TokyoTreat Box — January 2017 Edition!

こんばんは! That’s konbanwa or “good evening” to those of you who can’t read Japanese. Well, in Japan it’s the morning now, but here in California it’s the evening, so I’m going with it.

Today I’m starting a series that I hope to continue a long time. You’ve probably seen or heard about all kinds of monthly subscription boxes where you sign up to receive a box of products chosen for you to fit a particular theme. I’ve seen them for makeup, baby items, toys, various hobby items, and of course all kinds of niche foods.

I lived in Japan for 3 years total and I’ve always appreciated Japanese snacks and treats. Of course, Japan is famous for healthy food, but when the Japanese do something, they tend to go all out and produce a great product no matter what it is. Snacks are no exception! Japanese goodies are cute, creative, with lovely (and easy-to-open) packaging, and generally less sweet than their American counterparts.

One day I was wasting time on Facebook and came across an ad for a subscription box called TokyoTreat. Their website looked attractive and their products looked tasty, with a good mix of familiar and new-to-me cookies, candies and chips. I decided to order a six-month subscription of the regular size to try it out. I paid about $140 up front for six months’ worth, which includes a small discount compared to subscribing a month at a time.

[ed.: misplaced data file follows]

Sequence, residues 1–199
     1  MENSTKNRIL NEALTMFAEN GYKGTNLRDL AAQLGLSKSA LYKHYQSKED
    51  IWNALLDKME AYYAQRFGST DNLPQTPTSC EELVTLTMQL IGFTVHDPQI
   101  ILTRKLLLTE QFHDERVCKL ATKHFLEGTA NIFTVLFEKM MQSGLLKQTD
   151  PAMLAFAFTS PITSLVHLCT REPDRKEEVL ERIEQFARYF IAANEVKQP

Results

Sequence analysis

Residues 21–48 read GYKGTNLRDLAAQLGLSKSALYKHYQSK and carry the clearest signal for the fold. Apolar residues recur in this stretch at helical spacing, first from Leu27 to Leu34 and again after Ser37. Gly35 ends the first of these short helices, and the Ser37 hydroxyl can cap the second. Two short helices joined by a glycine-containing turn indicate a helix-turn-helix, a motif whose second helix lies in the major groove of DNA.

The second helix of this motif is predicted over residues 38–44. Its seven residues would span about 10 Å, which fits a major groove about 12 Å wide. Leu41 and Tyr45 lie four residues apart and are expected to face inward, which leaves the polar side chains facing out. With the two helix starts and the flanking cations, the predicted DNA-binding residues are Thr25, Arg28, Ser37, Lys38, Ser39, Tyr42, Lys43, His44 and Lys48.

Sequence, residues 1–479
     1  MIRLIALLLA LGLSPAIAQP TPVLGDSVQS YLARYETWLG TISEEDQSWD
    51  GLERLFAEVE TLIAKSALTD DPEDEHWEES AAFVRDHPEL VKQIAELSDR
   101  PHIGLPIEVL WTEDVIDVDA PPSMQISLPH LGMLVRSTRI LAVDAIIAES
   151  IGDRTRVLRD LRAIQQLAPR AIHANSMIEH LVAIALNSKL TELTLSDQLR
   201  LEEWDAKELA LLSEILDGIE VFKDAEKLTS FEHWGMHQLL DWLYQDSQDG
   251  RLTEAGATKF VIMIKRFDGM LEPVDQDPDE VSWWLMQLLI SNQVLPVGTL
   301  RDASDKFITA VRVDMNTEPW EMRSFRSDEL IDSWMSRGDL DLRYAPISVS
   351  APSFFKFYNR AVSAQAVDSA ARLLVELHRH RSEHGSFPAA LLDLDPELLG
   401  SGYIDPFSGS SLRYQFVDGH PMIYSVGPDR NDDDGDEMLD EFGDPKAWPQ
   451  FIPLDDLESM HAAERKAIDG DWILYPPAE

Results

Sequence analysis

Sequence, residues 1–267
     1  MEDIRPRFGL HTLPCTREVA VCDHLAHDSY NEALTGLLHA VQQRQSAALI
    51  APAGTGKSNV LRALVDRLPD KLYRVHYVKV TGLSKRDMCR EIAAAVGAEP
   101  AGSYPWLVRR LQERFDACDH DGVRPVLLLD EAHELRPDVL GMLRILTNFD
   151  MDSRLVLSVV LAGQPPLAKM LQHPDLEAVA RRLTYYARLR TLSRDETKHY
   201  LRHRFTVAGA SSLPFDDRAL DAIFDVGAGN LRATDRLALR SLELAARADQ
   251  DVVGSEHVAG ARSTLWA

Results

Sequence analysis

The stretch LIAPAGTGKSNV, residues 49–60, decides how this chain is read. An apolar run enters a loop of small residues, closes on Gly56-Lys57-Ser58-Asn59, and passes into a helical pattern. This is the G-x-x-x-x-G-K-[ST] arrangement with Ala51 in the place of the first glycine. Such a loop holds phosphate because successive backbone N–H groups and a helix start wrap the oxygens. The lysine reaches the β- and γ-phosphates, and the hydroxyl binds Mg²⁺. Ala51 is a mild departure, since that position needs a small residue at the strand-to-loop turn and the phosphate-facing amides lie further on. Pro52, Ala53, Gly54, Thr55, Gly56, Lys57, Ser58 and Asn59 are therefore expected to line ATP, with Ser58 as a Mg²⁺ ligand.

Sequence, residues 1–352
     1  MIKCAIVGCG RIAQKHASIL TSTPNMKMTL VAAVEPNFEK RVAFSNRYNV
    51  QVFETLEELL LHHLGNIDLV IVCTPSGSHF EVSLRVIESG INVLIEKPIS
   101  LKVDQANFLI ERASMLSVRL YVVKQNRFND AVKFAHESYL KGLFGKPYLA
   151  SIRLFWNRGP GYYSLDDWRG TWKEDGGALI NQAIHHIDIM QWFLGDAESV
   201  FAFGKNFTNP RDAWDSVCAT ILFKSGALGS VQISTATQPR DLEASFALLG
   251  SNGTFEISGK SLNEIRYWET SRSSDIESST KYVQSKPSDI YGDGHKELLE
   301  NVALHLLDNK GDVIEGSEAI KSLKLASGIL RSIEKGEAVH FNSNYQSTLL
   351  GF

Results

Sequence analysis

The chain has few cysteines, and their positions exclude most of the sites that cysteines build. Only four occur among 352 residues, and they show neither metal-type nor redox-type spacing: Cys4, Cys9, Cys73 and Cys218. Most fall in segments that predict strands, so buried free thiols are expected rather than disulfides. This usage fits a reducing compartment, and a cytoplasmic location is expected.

A few weeks later, this is what I got in the mail:

A cute and distinctive orange box! I couldn’t wait to see what I’d find inside.

Everything was extremely well packed, with no damage to anything, and on top was an adorable little magazine with descriptions of all the products in the shipment. The magazine is Japanese-style, meant to be read from right to left. Well, the pages are to be read right to left — the writing on each individual page is normal left-to-right English! Still, it’s a pleasant touch of culture. And speaking of culture, the magazine includes fun and informative material about Japanese life in the month of January, which unsurprisingly focuses on celebrating the New Year’s holidays. In Japan, Oshougatsu  (お正月) is a bigger holiday than in the US, and is usually celebrated by eating special foods and visiting the local Shinto shrine.

Here’s some more info about celebrating New Year in Japan: http://www.japan-guide.com/e/e2064.html.

Back to the treats! Here’s the treasure trove that was under the magazine:

Yes, I spread everything out on my bed! I’m not a professional photographer, though I suppose I’ll have to improve my skills for the blog. You can see that (aside from the magazine at the top left) there are 11 treats there. One of them was called a “bonus treat,” or otoshidama (お年玉), which follows the Japanese custom of kids receiving envelopes of money from relatives in celebration of the new year.